As Algeria readies for parliamentary elections on Saturday, its nationals in France are watching with dazed interest.
There are more than 13,000 candidates, with many of them contesting as independent candidates.
Some 24 million voters will elect 407 new lawmakers this Saturday.
But Algerians living in France say the polls will do little to turn things around.
"In Algeria, there is nothing positive," said Karima, a cashier.
"The people are suffering there, we have no right to anything, we don't even have the right to speak, it's not normal".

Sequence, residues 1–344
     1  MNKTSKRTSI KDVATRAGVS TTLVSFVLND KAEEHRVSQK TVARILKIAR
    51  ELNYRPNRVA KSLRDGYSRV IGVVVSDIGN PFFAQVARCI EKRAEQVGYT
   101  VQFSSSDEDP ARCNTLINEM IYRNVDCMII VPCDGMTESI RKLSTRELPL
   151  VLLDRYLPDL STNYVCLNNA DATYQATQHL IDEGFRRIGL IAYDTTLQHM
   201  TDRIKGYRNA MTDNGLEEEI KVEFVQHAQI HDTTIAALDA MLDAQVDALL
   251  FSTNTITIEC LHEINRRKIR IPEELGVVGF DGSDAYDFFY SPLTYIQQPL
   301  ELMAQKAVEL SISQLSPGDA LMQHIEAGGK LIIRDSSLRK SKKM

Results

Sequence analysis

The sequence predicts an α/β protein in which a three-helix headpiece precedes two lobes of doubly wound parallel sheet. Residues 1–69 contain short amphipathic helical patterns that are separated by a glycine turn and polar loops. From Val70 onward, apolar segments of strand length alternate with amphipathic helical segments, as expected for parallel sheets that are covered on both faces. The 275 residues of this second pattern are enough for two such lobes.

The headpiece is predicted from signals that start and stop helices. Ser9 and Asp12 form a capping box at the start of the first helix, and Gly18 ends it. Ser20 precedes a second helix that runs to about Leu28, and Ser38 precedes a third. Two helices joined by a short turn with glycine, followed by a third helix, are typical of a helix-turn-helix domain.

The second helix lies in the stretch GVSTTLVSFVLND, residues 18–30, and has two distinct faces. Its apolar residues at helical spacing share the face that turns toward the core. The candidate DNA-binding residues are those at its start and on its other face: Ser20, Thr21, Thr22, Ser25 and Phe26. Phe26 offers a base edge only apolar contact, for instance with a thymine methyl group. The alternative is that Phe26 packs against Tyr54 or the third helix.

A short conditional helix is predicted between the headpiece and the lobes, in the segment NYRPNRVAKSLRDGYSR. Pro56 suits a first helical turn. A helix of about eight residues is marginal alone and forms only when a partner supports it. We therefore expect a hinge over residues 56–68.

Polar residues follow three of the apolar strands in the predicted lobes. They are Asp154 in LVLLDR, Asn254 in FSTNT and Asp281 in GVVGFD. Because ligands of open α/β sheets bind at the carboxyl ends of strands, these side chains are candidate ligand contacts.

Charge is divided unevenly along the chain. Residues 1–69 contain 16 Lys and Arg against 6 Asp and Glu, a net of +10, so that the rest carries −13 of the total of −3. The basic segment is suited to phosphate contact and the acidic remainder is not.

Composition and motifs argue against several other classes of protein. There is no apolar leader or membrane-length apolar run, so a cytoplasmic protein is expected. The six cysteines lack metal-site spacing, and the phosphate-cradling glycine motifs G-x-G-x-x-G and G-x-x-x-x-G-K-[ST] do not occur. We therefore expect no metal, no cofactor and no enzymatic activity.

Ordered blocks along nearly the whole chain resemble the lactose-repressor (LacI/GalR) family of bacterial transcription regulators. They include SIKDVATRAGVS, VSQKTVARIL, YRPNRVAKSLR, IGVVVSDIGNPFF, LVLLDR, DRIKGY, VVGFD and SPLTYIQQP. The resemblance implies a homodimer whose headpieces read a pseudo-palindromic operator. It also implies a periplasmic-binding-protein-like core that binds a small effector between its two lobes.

The departure of veteran ruler Abdelaziz Bouteflika in 2019 has seen little change in Algeria. The army retains lots of influence and President Abdelmajid Tebboune struggles with legitimacy.
"Algeria is outdated, you know why? Because the people in Algeria are outdated," said 24-year-old Rahim.
"They are old. You can't do anything - old, old! Normally, you go to the mosque and you pray and you wait until you die, that's all," he said.
Disenchantment remains high in the north African country.
Thousands of Algerians and French citizens of Algerian origin live in France.
Ahead of the polls, the main issue at stake is voter turnout, as part of Algeria’s opposition has rejected the elections. The Hirak movement has also organized rallies to denounce the exercise.